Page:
Security software corporation Check Point held its yearly summit in Kenya for the first time early this week. The company, which prides itself with class-leading cybersecurity technologies staged the Check Point Experience (CPX) fair in Nairobi, which was graced by several cybersecurity experts that dived into the details of securing enterprise systems and mobile devices from attacks that target networks, cloud services and endpoints.
Check Point’s presence is in over 88 countries across the globe and has worked with over 6000 partners. According to Kendi Nderitu who serves as the group’s Country Manager in Kenya, Check Point holds several security-related patents.
Check Point opened a station in Kenya in 2012, which also serves as the headquarter for its trade in Eastern and North Africa. Asked about why it chose Nairobi as its primary base of operations, Ms Nderitu said that Kenya has registered the highest amount of installs of its services. What’s more, Check Point works with about 25 local channel partners. It also serves over 90 percent of the banks in the nation. In other words, CP’s presence in Kenya is wider owing to a notable adoption of internet usage and technologies.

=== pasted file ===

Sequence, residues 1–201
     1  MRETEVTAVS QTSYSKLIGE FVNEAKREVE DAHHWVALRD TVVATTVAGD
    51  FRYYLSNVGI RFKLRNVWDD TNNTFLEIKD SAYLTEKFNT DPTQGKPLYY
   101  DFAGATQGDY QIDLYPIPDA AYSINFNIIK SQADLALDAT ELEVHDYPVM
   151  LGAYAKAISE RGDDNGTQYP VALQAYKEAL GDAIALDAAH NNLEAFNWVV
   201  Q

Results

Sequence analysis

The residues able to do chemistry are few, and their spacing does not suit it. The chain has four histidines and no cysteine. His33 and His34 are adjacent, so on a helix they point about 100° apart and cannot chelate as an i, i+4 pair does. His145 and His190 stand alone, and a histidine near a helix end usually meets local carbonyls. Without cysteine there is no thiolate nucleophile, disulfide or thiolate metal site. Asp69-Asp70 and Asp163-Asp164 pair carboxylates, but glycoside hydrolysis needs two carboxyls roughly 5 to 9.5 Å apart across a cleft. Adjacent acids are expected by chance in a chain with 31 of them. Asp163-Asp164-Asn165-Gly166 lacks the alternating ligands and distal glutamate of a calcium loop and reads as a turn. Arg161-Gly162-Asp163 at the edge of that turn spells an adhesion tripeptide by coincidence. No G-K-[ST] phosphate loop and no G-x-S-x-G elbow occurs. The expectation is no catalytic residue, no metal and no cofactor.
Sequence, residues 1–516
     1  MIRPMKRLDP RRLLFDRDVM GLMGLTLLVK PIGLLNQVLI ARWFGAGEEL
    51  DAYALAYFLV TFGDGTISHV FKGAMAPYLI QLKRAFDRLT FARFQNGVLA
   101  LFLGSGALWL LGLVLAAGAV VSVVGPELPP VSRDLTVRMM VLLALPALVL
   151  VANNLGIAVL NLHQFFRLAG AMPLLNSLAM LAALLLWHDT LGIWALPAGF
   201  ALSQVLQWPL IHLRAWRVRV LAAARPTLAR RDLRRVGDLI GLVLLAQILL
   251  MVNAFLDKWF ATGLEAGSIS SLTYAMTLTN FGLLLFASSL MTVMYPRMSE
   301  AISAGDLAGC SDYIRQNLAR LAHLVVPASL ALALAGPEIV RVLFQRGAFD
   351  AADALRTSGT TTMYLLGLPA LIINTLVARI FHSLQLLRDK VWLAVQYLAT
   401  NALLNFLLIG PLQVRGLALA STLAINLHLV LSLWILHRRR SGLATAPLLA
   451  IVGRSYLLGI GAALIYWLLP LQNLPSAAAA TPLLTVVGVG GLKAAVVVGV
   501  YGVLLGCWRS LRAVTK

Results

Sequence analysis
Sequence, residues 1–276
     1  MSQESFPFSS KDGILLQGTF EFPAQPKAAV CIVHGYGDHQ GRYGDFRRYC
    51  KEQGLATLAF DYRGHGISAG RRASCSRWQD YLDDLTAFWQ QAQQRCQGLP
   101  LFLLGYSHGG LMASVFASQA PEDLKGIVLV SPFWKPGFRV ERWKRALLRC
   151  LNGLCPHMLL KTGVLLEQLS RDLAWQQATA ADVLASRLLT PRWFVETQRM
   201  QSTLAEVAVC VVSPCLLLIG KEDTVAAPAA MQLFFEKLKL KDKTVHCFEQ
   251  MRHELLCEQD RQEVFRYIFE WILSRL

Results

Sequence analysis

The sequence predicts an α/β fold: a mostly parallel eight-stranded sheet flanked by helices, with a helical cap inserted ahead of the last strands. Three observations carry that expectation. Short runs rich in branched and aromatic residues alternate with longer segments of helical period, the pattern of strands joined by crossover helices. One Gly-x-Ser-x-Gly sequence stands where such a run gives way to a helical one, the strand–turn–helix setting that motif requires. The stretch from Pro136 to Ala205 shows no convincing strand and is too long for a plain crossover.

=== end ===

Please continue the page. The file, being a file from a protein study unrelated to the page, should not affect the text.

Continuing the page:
“We are proactively expanding our business in other regions as well. We have sites in Uganda and Tanzania, as well as Morocco and Ethiopia, among others. All of these markets are important to us,” pointed out Ms Nderitu.
Asked about what differentiates the company from other cybersecurity and networking corporations such as Cisco, Ms Nderitu insisted that Check Point is purely a cybersecurity firm.
“The company was founded when the Internet was coming up, which is more than 25 years ago. We invented the firewall: it was patented to us. After some time, the network protection technology was opened for other vendors,” she added.
Perhaps the most unique approach of Check Point is its ability to adapt to the ever-changing perimeters of organizations and offering end to end protection for such institutions.
Lastly, while CP’s policy is prevention rather than detection.
“It is better to prevent an attack. However, if an institution is already vulnerable, we go in and intervene because we have services for that.”
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